• 8. Measures: Sexual orientation “Below is a list of terms that people often use to describe their sexuality or sexual orientation. How would you describe your sexuality or sexual orientation? Please select all that apply.”  Response options included: Gay, Lesbian, Bisexual, Straight/heterosexual, Questioning, Queer, Other, or Not Sure.  Youth who endorsed “straight/heterosexual” exclusively, were compared to youth who endorsed any other sexual orientation identity 
  • 9. Teen Health and Technology survey sample characteristics (n=5,680) Male nonLGB (n=1506) Female non-LGB (n=1887) Male GB (n=889) Female LG (n=1398) Age (M: SE) 15.4 (0.5) 15.7 (0.04) 16.1 (0.1) 15.8 (0.08) White race 73% 66% 62% 65% Hispanic ethnicity 17% 19% 29% 17% Lower than average income 27% 27% 32% 32% Small town / rural setting 40% 44% 29% 36%
  • 10. Meeting a partner online (among all youth) 95% Female LG 5% 89% Male GB 11% Female non-LGB 98% 2% Male non-LGB 99% 2% 0% 10% 20% 30% No Design-based F(2.64, 14592.17)= 25.9418 40% 50% Yes P = 0.0000 60% 70% 80% 90% 100%
  • 11. Meeting a partner online (among youth who have had sex) Female LG 89% Male GB 11% 86% 14% Female non-LGB 91% 9% Male non-LGB 93% 7% 0% 20% 40% No Design-based F(2.65, 4642.94)= 6.8262 Yes P = 0.0003 60% 80% 100%
  • 12. Condom use at last vaginal / anal sex 100% 85% 90% 80% 70% 60% 50% 72% 77% 60% 53% 45% 45% 45% 40% 30% 20% 10% 0% Most Most Most Most Most Most Most Most recent recent recent recent recent recent recent recent partner partner partner partner partner partner partner partner not met met not met met not met met not met met online online online online online online online online (n=410) (n=103) (n=542) (n=51) (n=265) (n=14) (n=346) (n=27) LGB Males LGB Females Non-LGB Males * Non-LGB Females
  • 13. Concurrent sexual partners 35% 31% 30% 25% 21% 20% 15% 11% 10% 9% 10% 10% 7% 6% 5% 0% Most Most Most Most Most Most Most Most recent recent recent recent recent recent recent recent partner partner partner partner partner partner partner partner not met met not met met not met met not met met online online online online online online online online (n=410) (n=103) (n=542) (n=51) (n=265) (n=14) (n=346) (n=27) LGB Males * LGB Females Non-LGB Males Non-LGB Females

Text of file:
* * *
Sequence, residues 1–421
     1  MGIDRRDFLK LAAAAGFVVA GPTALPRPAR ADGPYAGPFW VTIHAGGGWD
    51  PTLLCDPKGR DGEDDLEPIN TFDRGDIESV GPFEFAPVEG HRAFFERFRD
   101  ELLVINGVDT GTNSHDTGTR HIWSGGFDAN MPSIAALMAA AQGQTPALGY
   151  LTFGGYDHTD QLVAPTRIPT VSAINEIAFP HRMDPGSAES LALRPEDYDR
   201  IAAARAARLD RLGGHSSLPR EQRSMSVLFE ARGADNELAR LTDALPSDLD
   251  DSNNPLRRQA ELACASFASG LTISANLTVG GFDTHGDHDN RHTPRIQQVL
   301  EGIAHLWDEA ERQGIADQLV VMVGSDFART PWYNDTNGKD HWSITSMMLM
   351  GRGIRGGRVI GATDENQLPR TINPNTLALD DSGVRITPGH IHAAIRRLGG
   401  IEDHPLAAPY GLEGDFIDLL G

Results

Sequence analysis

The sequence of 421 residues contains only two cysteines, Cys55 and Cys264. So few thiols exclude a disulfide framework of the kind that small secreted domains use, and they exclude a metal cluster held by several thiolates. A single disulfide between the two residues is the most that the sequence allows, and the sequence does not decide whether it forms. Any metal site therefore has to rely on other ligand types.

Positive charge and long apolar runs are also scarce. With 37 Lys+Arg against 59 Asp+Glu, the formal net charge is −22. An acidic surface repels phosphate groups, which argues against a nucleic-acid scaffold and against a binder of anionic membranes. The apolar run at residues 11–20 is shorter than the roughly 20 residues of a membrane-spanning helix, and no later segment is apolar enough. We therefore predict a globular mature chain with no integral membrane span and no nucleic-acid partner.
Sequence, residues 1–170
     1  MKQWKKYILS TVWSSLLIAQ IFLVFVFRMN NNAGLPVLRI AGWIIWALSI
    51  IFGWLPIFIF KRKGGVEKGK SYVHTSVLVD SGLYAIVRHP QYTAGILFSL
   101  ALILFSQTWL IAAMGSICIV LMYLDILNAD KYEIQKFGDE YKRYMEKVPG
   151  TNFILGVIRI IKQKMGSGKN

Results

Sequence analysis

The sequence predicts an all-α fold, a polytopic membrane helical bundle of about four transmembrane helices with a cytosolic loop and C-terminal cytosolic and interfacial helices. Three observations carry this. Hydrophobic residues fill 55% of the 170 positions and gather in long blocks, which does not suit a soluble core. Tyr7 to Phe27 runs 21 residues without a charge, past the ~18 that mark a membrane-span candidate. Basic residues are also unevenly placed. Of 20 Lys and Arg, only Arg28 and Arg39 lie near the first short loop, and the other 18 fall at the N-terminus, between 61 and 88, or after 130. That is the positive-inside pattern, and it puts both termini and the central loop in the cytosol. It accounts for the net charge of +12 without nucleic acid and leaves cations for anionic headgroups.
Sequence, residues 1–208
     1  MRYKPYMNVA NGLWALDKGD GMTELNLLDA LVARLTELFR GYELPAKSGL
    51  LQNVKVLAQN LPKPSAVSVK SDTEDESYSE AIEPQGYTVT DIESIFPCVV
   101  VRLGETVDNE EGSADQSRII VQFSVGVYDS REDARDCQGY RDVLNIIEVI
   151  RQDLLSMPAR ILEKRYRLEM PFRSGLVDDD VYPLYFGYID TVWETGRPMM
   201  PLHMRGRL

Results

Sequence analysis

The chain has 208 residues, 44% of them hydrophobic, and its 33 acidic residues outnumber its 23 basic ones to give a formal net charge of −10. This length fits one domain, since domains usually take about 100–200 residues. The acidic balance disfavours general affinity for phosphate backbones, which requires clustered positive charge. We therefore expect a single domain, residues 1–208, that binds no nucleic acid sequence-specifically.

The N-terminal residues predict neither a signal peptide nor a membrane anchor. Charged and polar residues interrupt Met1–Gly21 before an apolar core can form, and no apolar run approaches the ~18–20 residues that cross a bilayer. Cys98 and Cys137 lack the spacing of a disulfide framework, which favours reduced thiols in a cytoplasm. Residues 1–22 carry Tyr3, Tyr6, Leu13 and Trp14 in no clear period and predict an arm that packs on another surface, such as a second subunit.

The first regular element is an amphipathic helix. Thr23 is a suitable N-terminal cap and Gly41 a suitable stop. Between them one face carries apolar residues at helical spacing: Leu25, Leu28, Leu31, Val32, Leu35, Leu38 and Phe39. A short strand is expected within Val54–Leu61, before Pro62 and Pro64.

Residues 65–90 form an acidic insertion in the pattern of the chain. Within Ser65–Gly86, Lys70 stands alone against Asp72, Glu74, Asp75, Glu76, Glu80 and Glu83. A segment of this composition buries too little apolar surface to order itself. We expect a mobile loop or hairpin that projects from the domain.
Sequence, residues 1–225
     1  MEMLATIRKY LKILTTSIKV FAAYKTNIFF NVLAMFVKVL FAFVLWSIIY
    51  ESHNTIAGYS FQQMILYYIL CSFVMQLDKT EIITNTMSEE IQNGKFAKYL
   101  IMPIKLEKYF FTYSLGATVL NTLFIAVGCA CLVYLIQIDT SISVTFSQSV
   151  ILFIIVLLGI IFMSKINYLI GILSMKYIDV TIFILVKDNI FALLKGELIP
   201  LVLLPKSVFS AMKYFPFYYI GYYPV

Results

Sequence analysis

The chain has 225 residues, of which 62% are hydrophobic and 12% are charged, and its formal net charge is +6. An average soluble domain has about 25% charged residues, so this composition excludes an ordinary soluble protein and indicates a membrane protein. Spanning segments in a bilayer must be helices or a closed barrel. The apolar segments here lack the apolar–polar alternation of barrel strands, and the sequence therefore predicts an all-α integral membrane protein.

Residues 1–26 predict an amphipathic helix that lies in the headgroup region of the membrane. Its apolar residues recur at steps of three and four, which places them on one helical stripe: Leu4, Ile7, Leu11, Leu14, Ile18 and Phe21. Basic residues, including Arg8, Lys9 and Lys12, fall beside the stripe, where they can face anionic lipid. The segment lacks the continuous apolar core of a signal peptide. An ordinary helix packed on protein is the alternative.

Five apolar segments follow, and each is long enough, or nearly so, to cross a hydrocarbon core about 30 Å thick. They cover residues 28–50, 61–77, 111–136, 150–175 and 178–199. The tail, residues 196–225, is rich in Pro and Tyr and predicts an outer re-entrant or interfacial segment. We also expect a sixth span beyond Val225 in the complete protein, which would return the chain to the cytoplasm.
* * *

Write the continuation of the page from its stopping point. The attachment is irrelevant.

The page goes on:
• 14. Non-LGB Females Most recent partner met online (n=27) Non-LGB Males Most recent partner met online (n=14) 7% Most recent partner not met online (n=265) 25% 73% 2% LGB Females Most recent partner met online (n=51) 27% 73% 1% Most recent partner not met online (n=542) 22% LGB Males Partner has had an STI (ever) Most recent partner met online (n=103) 27% 70% 4% Most recent partner not met online (n=346) 25% 70% 5% 34% Most recent partner not met online (n=410) 40% 0% Don't know 93% No 0% 75% 53% 57% 3% 12% 3% 20% 40% 60% 80% 100% Yes
  • 15. Limitations    As with all self-report measures, some youth respondents may not have accurately disclosed sensitive topics. The representativeness of the sample is based upon the weighting. Findings should be replicated. Measures of sexual risk refer to the most recent partner, whereas indication of meeting a partner online includes the two most recent partners. Indicators are therefore proxies of sexual behavior rather than one-to-one measures of risk for online versus offline partners.
  • 16. Conclusions  Although meeting partners online is somewhat more common for LGB youth, it is still reported by 11% or fewer youth. ◦ Sexual health education should integrate online scenarios but not necessarily over-emphasize this as a way to meet partners, even for LGB youth.  Findings do not support a hypothesis of risky sex associated with meeting partners online. ◦ The rates of risky sexual behaviors are concerning across all sexual orientation identities. More needs to be done to invigorate preventive behavior.
  • 17. Thank you Michele@InnovativePublicHealth.org http://eurout.org/2010/03/24/studying-lesbians-being-ignored-and-excluded-non-targeted-research